Use of multiscale particle simulations in the design of nuclear plant decommissioning

Richard A. Williams*, Xiaodong Jia, Peter Ikin, David Knight

*Corresponding author for this work

Research output: Contribution to journalArticlepeer-review

3 Citations (Scopus)


The application of a digital modelling method that can faithfully take account of three-dimensional shape and inherent physical and chemical properties of each particulate component provides an essential tool in decommissioning design. This is useful in handling of high, medium and low level radioactive waste. The processes involve making decisions on where to cut existing plant components and then how to pack these components into boxes, which are then cemented and kept for long term storage as the level of radioactive declines with time. We illustrate the utility of the method and its ability to take data at plant scale (m-scale) and then deduce behaviours at sub millimetre scale in the packed containers. A variety of modelling approaches are used as a part of this approach including cutting algorithms, geometric and dynamic (distinct element) force models, and lattice Boltzmann methods. These methods are applicable to other complex particulate systems including simulation of waste, building recycling, heap leaching and related minerals processes. The paper introduces the basic concepts of this multi-scale and multi-model approach.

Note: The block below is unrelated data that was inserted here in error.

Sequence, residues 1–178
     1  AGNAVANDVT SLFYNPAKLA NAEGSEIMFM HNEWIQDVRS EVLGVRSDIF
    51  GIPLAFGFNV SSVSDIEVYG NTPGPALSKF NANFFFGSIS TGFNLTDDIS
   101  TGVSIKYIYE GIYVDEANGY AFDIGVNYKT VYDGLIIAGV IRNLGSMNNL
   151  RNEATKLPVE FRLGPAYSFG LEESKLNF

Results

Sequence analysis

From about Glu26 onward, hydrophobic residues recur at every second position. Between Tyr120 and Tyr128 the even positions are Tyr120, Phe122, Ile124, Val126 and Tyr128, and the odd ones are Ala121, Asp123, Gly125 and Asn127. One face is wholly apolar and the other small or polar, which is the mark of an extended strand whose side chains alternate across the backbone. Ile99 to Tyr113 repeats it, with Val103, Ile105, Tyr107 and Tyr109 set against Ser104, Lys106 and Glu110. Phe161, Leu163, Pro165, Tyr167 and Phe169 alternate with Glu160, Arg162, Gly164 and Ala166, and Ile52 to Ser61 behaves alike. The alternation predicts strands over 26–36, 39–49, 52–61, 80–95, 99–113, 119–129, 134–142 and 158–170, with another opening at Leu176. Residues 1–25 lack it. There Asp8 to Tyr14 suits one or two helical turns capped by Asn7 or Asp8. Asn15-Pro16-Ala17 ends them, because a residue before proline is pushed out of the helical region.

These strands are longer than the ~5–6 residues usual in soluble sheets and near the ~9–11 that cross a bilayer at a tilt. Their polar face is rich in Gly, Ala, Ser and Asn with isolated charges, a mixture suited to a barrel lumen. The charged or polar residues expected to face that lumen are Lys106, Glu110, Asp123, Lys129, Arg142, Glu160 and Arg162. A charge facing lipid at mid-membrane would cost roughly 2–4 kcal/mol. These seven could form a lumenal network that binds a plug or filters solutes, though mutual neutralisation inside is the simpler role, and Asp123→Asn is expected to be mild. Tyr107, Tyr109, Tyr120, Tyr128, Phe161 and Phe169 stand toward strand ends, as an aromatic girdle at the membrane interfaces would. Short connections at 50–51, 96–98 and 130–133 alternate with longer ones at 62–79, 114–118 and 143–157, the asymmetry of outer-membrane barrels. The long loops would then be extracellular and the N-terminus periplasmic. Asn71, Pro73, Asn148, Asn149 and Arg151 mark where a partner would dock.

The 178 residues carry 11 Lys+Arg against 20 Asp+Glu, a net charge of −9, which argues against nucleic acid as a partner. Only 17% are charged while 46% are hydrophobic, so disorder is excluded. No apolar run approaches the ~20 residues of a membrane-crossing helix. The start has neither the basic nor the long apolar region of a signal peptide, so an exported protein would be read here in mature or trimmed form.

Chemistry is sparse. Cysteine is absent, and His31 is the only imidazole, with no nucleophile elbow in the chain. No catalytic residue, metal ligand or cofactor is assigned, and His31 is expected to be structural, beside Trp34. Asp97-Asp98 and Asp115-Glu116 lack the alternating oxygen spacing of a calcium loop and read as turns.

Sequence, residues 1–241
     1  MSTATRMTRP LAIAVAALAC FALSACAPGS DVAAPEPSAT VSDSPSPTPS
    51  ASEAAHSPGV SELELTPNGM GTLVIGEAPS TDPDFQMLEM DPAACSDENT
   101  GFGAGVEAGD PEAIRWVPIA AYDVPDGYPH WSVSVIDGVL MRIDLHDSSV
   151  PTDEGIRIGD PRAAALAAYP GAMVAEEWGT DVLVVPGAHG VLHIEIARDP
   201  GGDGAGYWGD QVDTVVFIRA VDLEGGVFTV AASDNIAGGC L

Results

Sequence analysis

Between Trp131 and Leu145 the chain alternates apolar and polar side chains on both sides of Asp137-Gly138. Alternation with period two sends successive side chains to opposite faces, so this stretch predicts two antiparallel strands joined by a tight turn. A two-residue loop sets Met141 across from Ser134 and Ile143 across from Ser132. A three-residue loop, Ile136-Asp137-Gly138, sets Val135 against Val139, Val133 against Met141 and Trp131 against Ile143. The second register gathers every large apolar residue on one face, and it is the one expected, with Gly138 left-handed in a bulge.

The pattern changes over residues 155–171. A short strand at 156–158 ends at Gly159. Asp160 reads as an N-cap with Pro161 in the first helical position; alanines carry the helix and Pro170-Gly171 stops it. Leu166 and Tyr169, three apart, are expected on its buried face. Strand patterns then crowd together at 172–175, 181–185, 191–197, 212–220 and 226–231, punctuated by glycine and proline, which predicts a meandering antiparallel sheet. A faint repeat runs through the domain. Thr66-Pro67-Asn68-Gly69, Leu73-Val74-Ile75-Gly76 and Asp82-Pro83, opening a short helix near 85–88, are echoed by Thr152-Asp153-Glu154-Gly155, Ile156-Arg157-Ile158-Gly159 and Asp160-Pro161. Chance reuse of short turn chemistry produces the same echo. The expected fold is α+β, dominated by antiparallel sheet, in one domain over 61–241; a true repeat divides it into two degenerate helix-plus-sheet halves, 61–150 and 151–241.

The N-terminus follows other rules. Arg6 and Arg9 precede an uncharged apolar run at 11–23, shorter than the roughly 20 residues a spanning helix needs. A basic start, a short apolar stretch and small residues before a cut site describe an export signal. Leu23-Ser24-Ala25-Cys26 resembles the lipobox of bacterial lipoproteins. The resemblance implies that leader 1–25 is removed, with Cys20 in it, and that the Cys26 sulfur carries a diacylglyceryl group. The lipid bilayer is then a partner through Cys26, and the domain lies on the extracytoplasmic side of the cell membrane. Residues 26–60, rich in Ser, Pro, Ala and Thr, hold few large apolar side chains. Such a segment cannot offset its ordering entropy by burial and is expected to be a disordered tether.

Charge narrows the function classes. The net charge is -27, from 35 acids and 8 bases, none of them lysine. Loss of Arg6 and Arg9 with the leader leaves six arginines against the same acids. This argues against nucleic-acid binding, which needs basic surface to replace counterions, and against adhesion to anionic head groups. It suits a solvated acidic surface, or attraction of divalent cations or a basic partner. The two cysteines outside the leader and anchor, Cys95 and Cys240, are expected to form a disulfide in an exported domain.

Original languageEnglish
Pages (from-to)358-364
Number of pages7
Issue number4
Publication statusPublished - Aug 2011


  • Cementation
  • Digipac
  • Digital packing
  • Discrete element modelling
  • Nuclear waste
  • NuPlant
  • Particle shape

ASJC Scopus subject areas

  • Materials Science(all)
  • Condensed Matter Physics


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